Cells of G. metallireducens, D. desulfuricans, and S. barnesii were grown on nitrate as described above. Three milliliters samples of cells, in log phase of growth and comparable cell numbers, were harvested by centrifugation, washed in Tris buffer (10 mM, pH 7.4), then resuspended in 3 mL of fresh medium. Samples (3 mL) of supernatant were collected via degassed syringe and filtered using 0.2 μm polycarbonate Millipore filters and stored under nitrogen gas. The cell suspensions or filtrates (3 mL each) were then added to 50 mL of fresh medium amended with 100 μM Cr(VI) and incubated for 48 h. Heat killed controls were autoclaved for 20 min. Aliquots were removed at 0, 2, 6, 12, 24, and 48 h, and Cr(VI) concentration determined by the diphenylcarbazide (DPC) method as previously described (Saltzman, 1952).
Electron Donors for Chromium Reduction in D. desulfuricans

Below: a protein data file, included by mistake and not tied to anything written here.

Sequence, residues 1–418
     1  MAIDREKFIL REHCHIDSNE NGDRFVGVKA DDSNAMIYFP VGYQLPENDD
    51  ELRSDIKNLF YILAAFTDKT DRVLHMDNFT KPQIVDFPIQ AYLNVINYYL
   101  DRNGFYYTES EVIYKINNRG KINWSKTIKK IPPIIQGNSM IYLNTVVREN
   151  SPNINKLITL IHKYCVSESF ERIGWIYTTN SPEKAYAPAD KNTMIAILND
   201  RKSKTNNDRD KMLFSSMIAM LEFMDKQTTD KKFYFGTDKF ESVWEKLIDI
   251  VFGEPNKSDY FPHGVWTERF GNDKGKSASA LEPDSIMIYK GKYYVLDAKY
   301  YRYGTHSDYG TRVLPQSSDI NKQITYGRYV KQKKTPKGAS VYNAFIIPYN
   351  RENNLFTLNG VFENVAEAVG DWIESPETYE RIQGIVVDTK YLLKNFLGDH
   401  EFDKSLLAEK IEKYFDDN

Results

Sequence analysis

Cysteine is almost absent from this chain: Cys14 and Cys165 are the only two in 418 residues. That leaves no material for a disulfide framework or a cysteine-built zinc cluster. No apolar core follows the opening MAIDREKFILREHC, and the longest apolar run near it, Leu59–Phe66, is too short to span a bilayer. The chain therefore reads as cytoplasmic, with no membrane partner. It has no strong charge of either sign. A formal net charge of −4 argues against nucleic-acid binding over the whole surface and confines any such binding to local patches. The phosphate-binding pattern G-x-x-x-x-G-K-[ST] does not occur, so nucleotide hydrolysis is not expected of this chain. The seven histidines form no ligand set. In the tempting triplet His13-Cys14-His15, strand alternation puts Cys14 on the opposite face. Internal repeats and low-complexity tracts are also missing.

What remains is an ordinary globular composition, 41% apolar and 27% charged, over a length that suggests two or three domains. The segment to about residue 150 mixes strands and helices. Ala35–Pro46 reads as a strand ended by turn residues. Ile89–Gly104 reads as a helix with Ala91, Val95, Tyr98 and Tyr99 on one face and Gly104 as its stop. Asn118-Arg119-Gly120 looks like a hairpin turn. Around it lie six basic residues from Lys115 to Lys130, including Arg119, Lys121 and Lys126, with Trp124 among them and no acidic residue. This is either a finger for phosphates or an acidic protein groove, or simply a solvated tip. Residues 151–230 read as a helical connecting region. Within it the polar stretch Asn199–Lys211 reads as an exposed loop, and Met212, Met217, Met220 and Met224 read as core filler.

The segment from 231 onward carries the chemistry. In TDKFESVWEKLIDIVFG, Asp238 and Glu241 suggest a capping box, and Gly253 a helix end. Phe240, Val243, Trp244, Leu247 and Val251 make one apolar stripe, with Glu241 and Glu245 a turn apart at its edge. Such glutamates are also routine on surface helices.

Cells of D. desulfuricans, grown of FWL-NO3 medium, were harvested by centrifugation, as previously described, then resuspended in 180 mL bicarbonate buffer at pH 6.8. Serum bottles (50 mL) were grouped in triplicate as: control (no cells and no electron donor); cells only, cells with lactate, cells with hydrogen, lactate only, and hydrogen only. The cell suspension (20 mL) was then added to each bottle in the three groups – cells only, cells with lactate, cells with hydrogen. Bicarbonate buffer (20 mL) was added to each bottle in the following groups: positive control, lactate only, and hydrogen only. All bottles with the exception those with hydrogen were degassed with N2, while hydrogen bottles were degassed and had their headspace filled with H2. In the lactate samples, 200 μL of 1 M lactate was added. Each bottle was sterilized by autoclaving, and was crimp sealed to maintain anaerobic condition, then 200 μL of the 10 mM Cr(VI) stock solution was added to initiate the reduction. At each time point, 3 mL of sample was withdrawn and the Cr(VI) content was determined by DPC assay. From each withdrawal three measurements were conducted providing three technical replicates for each biological replicate.